Fairy tales take flack for rejecting the idea of women being capable but even with its flighty presentation and dedication to the old school Disney method Mirror Mirror empowers its Snow White in a genuine way thanks to Collins' snappy charming performance. After being set free by Brighton Snow crosses paths with the thieving dwarves and quickly takes a role on their pilfering team (which she helps turn in to a Robin Hooding business). Tarsem wisely mines a spectrum of personalities out of the seven dwarves instead of simply playing them for one note comedy. Sure there's plenty of slapstick and pun humor (purposefully and wonderfully corny) but each member of the septet stands out as a warm compassionate companion to Snow even in the fantasy world.
Mirror Mirror is richly designed and executed in true Tarsem-fashion with breathtaking costumes (everything from ball gowns to the dwarf expando-stilts to ridiculous pirate ship hats with working canons) whimsical sets and a pitch-perfect score by Disney-mainstay Alan Menken. The world is a storybook and even its monsters look like illustrations rather than photo-real creations. But what makes it all click is the actors. Collins holds her own against the legendary Julia Roberts who relishes in the fun she's having playing someone despicable. She delivers every word with playful bite and her rapport with Lane is off-the-wall fun. Armie Hammer riffs on his own Prince Charming physique as Alcott. The only real misgiving of the film is the undercooked relationship between him and Snow. We know they'll get together but the journey's half the fun and Mirror Mirror serves that portion undercooked.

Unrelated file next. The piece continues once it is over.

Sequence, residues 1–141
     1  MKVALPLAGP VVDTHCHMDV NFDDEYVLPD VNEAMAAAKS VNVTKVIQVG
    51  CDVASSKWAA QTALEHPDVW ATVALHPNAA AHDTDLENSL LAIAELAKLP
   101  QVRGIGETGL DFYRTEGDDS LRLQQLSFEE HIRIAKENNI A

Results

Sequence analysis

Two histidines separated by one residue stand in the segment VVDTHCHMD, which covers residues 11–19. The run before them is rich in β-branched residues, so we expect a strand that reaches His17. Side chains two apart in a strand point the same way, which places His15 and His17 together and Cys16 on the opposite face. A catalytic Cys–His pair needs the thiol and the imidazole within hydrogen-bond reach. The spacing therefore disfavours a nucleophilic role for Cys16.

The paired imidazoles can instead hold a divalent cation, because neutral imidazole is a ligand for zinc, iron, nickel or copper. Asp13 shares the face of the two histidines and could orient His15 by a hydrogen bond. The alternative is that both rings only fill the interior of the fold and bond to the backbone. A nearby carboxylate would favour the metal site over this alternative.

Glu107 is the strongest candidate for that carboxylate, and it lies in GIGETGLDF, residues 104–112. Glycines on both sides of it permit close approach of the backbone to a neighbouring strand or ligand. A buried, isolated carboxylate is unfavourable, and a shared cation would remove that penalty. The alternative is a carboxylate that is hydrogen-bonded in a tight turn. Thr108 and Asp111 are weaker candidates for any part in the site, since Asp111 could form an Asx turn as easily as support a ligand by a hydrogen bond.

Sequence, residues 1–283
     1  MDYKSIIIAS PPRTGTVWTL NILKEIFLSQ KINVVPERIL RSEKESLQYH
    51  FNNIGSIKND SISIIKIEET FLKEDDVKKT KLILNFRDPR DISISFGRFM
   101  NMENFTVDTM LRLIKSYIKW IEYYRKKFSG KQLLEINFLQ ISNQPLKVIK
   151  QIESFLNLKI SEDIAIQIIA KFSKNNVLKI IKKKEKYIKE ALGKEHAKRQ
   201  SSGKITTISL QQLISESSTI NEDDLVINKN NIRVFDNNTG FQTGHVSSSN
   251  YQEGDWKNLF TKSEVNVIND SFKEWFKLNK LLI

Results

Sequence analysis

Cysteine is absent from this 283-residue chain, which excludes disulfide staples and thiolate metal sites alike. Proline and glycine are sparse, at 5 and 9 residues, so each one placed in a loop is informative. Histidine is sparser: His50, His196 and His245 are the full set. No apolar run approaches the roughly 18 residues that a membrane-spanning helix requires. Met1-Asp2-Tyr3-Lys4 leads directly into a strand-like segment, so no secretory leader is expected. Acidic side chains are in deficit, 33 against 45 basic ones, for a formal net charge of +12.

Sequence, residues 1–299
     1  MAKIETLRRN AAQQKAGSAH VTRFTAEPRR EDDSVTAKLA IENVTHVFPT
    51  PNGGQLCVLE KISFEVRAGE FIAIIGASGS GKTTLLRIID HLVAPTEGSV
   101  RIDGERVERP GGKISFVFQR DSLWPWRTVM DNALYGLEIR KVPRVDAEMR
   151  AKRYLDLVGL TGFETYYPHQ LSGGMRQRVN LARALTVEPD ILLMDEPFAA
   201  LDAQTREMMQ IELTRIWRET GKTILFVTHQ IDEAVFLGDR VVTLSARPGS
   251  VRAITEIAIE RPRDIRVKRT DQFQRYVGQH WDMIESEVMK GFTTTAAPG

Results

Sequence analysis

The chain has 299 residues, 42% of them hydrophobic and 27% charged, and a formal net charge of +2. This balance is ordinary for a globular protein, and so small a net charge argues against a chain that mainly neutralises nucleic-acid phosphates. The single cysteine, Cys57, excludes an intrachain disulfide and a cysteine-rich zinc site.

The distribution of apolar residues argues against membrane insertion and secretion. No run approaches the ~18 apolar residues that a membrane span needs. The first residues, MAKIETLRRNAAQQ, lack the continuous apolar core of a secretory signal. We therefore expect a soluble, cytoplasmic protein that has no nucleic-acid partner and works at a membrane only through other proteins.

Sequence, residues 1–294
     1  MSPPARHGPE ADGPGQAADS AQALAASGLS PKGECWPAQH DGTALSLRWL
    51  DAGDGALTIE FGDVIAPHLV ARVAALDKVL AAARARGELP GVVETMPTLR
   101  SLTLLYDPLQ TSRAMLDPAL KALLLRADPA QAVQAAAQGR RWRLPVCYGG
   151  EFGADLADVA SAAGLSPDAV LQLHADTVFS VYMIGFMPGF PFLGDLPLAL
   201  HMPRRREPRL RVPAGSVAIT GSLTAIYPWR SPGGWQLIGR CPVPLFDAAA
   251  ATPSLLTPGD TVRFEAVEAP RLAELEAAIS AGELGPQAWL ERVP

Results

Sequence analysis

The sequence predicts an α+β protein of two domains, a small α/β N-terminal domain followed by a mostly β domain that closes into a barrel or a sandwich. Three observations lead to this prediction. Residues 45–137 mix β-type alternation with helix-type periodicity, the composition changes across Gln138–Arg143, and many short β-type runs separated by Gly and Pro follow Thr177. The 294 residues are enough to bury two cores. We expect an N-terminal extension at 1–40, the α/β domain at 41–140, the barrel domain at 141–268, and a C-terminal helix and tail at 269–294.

Children will swoon for Mirror Mirror but there's plenty here for adults — dialogue peppered with sharp wisecracks and a visual style ripped from an elegant tapestry. The movie wears its heart on its sleeve and rarely do we get a picture where both the heart and the sleeve feel truly magical.